Each month, ToneDen Lunch and Learn brings cutting-edge, educational speakers to the office (along with delicious food). Designed to provoke conversation and company enrichment, this series is always open to new perspectives. Think you'd be a good fit for a future Lunch and Learn? Say hi at email@example.com.
Peter Borenstein is the founder and president of Restorative Justice Fund (RJFund), a justice reform incubator based in Los Angeles. He is the lead attorney with RJFund's flagship program, Lifer Legal, representing incarcerated and formerly incarcerated people in civil court to recover property (cash and houses) that were stolen from them as a result of their long-term prison sentences. Peter learned about restorative justice while working as an outdoor educator for Outward Bound in Australia, Maine, and New York State and still thoroughly enjoys time spent outside.
ToneDen: What is restorative justice?
Peter Borenstein: When someone commits a crime, that wrongful action disturbs a whole web of relationships, causing harm to many, many more people than just the victim of the crime (if any). Restorative Justice focuses on the harm done to people by people, including the harm caused to the person who commits the crime by her entrance into a system focused on punishment, and to address the needs that arise out of the commission of a crime or wrongful act. By focusing on everyone touched by the crime and the needs that arise from it (which, admittedly, is labor intensive and hard to do well), Restorative Justice moves towards an equitable resolution to the situation that allows everyone to get closure, ensure that the crime never happens again, and hopefully move forward in a positive way.
How were you introduced to the concept?
I was introduced to restorative principles during my time as an outdoor educator. I wrote about it! You can read my RJ origin story here.
Tell us about RJFund. What inspired you to found a justice reform incubator?
After law school, I was hired as a consultant by the Los Angeles City Attorney's office to develop a pre-charge diversion program called the Neighborhood Justice Program, which is an opportunity for low-level, first-time, adult offenders to avoid courts, judges, and lawyers in favor of a community-based alternative based on restorative principles. During the development process, I saw how simple and effective pre-charge diversions were and learned about the inertia in many prosecutors offices to develop them. I started Restorative Justice Fund (RJFund) to help other cities in Los Angeles County incubate their own pre-charge diversions because it's such a good idea and with virtually no downside. There are many ideas like that in criminal justice that are ignored because they are new or untested and seen as a political gamble. Our goal at RJFund is to bring those good, nascent ideas to light and help introduce them into the justice system so that they might gain traction and save time, money, and lives.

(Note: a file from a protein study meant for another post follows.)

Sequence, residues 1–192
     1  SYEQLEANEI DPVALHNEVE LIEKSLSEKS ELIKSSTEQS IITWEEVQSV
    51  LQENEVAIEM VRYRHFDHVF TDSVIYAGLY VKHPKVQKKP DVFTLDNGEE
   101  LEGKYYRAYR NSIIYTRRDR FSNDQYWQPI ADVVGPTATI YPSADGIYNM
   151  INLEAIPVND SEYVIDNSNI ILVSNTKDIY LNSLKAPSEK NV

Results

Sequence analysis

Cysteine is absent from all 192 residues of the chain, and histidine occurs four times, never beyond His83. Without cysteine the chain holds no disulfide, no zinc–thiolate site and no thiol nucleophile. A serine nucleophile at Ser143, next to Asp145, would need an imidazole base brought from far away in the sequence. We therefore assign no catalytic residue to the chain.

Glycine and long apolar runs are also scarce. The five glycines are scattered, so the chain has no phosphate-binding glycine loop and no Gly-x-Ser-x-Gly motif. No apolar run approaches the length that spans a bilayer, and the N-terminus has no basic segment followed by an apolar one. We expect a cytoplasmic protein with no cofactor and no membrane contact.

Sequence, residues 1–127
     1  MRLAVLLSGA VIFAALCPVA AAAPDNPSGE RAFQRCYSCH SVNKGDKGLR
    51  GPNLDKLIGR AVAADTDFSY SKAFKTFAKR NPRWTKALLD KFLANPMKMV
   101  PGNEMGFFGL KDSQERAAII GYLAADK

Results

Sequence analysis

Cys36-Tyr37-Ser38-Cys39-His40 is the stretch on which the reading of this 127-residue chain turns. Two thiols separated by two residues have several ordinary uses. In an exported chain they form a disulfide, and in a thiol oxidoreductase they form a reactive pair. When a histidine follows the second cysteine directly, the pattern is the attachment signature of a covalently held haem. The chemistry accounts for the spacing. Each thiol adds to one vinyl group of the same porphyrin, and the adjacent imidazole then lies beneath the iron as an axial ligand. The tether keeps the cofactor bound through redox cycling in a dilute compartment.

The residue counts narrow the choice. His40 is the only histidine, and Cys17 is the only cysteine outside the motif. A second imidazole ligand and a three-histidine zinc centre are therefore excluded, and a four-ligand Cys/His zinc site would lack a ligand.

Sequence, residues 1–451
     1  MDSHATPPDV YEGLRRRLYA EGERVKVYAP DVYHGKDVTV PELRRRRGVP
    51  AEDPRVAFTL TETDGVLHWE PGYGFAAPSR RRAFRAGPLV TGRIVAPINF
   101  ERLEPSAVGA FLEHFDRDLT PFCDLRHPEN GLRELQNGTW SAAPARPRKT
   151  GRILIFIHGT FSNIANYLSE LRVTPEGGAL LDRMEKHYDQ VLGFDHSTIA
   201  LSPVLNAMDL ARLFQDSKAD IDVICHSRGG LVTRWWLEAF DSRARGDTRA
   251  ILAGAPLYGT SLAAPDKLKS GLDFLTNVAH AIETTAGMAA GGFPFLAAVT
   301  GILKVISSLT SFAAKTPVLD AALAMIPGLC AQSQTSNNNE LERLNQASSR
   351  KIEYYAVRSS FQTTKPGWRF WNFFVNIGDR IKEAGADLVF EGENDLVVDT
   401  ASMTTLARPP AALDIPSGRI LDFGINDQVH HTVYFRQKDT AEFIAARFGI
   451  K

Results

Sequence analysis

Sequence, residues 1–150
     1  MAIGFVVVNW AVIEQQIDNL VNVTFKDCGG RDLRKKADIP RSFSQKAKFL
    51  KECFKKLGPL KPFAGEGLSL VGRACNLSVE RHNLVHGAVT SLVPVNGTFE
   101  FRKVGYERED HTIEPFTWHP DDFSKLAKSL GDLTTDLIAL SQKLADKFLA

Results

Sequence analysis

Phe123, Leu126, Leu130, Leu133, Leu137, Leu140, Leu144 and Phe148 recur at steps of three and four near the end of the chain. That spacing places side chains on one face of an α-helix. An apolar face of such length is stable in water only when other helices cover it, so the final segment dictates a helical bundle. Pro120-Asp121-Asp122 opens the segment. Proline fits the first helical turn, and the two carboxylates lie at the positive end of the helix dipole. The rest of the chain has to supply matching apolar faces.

There are many ideas ... in criminal justice that are ignored because they are new or untested and seen as a political gamble.
At your Lunch and Learn, you talked about how many ideas about justice lurk in our "lizard brains." What are some of those ingrained beliefs? What do we stand to gain, societally, by reshaping those?
I think the general idea that punishment works as a response to crime is the most lingering "lizard brain" belief. We all grow up in a system where punishment is the logical conclusion to any wrongdoing—if we sneak out, our parents ground us; if we talk out of turn in class, we get detention; if we steal socks, we go to jail; if we hurt someone, we go to prison or worse—and so without any further examination, it makes sense that that's just what happens to people who commit crimes. But even the barest analysis of punishment as an objective of our justice system makes the whole idea unravel, plus it's just the laziest way to deal with people who do something "wrong" by our standards or break a law. Restorative Justice is a promising alternative because it really dives into the nitty gritty of what it means to be in relationship and thereby immediately becomes more effective in getting to the heart of the matter of crime because crime does not exist in a vacuum. Without that deep dive into the why and who of crime/wrongdoing, we'll never be able to understand how exactly to stop it and make something constructive out of it. Punishment does none of that and instead causes more harm, creating this vicious cycle that we're caught up in now while also being extremely ineffective as a crime prevention tool. But it's the only way many of us know, especially if we grew up in very strict households, and so makes the most sense.
Outside of the legal/criminal system, how can a restorative justice approach improve our relationships?
There are a lot of interesting ideas about RJ's application outside of the justice system. For example, there's a strain of RJ that involves group decision making and processing that I think could be really useful in lots of different contexts. I think at it's most fundamental though, RJ just reminds us that our actions have consequences upon relationships in our lives and the way to move in the world is to acknowledge and honor all those relationships and work hard to build them up in a thoughtful and compassionate way. Otherwise, we can very easily and carelessly destroy our relationships, and that's very dangerous for everyone.